Lucky comes later- on surviving suicide
This is not the post I intended to write. I had a separate post planned, something wonderfully nerdy and interesting and ED-related, but then I logged onto Facebook and Twitter tonight and was floored with the news that Robin Williams had committed suicide.
It immediately brought me back to when I attempted suicide, not long before I started this blog almost seven years ago. Hearing of other’s suicides stirs up a turbulent mix of shame and guilt. How could I have possibly thought this would have been the best option?
Then I remember that girl, the one who was so desperate and scared and trapped and hurt and I empathize with her. I force myself to sit on the cold tiles of the bathroom floor with her as she sobs. I watch, wordless, as she makes her final preparations. I watch her completely dissociate, watch her watching her, watching her.
Empathizing with the aftermath is harder. The awkward pauses in the conversation that you know YOU’VE caused, how no one will talk about it directly. “You need supervision in case you…you know…”
Yes. I know. Believe me, I know. I can’t stop thinking of how much I know. That, theoretically, I’m one of the lucky ones. That I probably should have died. One less-than-helpful nurse points that out on one of my many intake forms once I’m transferred from critical care to the psych unit. “That’s really dangerous. You could have died!” That was kind of the point, lady.
I tell her this because I realize I have nothing left to lose. She stares at me long and hard when I say it, rather wryly.
I don’t feel lucky then, and I won’t feel lucky for a good long time after. Lucky comes later.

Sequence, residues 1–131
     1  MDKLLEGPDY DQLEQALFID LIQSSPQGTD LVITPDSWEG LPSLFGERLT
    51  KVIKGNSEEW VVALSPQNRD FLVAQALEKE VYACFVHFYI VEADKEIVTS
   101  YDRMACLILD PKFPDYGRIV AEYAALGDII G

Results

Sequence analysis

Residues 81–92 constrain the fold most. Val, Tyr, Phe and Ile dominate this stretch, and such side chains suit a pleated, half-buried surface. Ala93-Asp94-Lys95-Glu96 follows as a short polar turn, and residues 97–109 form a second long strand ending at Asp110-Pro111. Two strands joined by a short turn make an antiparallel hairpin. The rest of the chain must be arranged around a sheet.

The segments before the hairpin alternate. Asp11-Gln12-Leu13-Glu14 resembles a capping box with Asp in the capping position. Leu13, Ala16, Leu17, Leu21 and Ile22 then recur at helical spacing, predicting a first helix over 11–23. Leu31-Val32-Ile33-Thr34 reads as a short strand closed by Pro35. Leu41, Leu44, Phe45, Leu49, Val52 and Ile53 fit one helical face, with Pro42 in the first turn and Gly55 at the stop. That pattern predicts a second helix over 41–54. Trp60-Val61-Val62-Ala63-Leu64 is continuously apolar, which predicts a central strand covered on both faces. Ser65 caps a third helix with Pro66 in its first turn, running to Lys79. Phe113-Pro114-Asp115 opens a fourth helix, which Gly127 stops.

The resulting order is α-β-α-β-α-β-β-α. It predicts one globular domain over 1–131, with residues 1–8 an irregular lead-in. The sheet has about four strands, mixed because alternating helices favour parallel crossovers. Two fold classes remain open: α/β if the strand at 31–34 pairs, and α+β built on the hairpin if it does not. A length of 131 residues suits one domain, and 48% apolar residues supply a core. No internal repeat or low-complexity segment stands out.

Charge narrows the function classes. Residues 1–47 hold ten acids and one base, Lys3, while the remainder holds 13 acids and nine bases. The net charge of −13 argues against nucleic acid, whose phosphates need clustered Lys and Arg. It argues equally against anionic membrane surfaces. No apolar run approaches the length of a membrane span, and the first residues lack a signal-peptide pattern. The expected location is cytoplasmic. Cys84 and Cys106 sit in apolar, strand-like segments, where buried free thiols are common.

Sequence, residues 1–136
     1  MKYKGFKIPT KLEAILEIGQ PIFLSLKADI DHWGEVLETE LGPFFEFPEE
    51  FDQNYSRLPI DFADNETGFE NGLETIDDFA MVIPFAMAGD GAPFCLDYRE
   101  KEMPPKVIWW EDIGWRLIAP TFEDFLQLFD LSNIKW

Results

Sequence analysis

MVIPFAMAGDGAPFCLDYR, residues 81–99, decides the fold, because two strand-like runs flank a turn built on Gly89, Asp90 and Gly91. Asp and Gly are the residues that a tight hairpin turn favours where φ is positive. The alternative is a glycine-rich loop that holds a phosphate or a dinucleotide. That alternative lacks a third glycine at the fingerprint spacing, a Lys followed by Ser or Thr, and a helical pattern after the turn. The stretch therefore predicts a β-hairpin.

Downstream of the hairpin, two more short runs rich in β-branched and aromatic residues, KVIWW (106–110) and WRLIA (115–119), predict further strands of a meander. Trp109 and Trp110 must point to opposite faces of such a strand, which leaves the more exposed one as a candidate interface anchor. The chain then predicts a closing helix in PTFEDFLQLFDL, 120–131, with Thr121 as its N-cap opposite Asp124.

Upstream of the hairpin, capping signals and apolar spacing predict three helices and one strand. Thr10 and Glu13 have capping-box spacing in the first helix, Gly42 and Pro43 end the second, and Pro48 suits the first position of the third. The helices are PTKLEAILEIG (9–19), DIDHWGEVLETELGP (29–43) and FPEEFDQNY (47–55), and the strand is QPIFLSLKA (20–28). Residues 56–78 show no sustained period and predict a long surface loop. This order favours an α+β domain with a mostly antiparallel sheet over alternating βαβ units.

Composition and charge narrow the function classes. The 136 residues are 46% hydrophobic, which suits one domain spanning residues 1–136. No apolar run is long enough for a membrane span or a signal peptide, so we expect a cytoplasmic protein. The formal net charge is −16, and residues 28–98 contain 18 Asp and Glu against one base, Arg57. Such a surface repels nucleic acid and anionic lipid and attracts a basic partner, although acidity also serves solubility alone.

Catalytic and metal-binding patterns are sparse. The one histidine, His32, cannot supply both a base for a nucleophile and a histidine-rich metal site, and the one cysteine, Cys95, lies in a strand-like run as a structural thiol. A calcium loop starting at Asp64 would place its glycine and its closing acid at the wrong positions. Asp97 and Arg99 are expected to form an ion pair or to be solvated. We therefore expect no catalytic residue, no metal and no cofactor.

Lucky comes when you have a family to support you, the money and insurance to pay for therapy, the ability to find medications that work. Lucky is the slow re-building of everything you lost. It’s applying to your dream school from the freaking psych ward because hey- nothing to lose.
Lucky doesn’t mean that you will never return to that dark place. You will. Time and time again, and you never know if this wave will pull you under. Instead, you learn how to swim, carry the damn life preserver and try to call for help. You know, all too well, that this storm won’t last forever. You will cling to life with the flimsiest of things- how the Harry Potter books end, the fact that you haven’t yet fed the cat today, that you promised a friend you would help them move next weekend. These won’t hold forever, and you know that, but you keep desperately trying to string them together, one after another, in a sequence of seemingly pointless moments. Then you figure out that you have started living life again without even realizing it. There’s no miracle moment, here, just the slow stringing together of small moments into a narrative called your biography.
I know there are other people like me, who have survived their own suicide attempts, and yet there is not much said about how we can move on from our own loss and trauma. If mental illness carries a stigma, the one hanging over suicide is even greater. I generally don’t like to talk about it. I’m ashamed and embarrassed. We talk of people who complete suicide as being ‘selfish’ that they couldn’t sense their loved one’s pain. Yet when those feelings of utter despair washed over me, all I could think about was the pain I was causing others. Maybe it was selfish of me, I don’t know, but it didn’t feel that way to me at the time. It felt like the only option I had left. I had tried everything else.
My experience didn’t leave me with any physical scars. There’s nothing I can point to and say, hey, this happened that night I… But mentally, it shattered me. It scared me. It still does. You don’t get over it. You don’t forget.
Hearing of another’s suicide is always tragic, whether I know them personally or not. There’s always a part of me that realizes that could have been me. There’s another part that knows the pain and anguish they were experiencing in their last moments all too well.
Then I close my eyes, take a deep breath, and remember that my story didn’t end there. It goes on, still.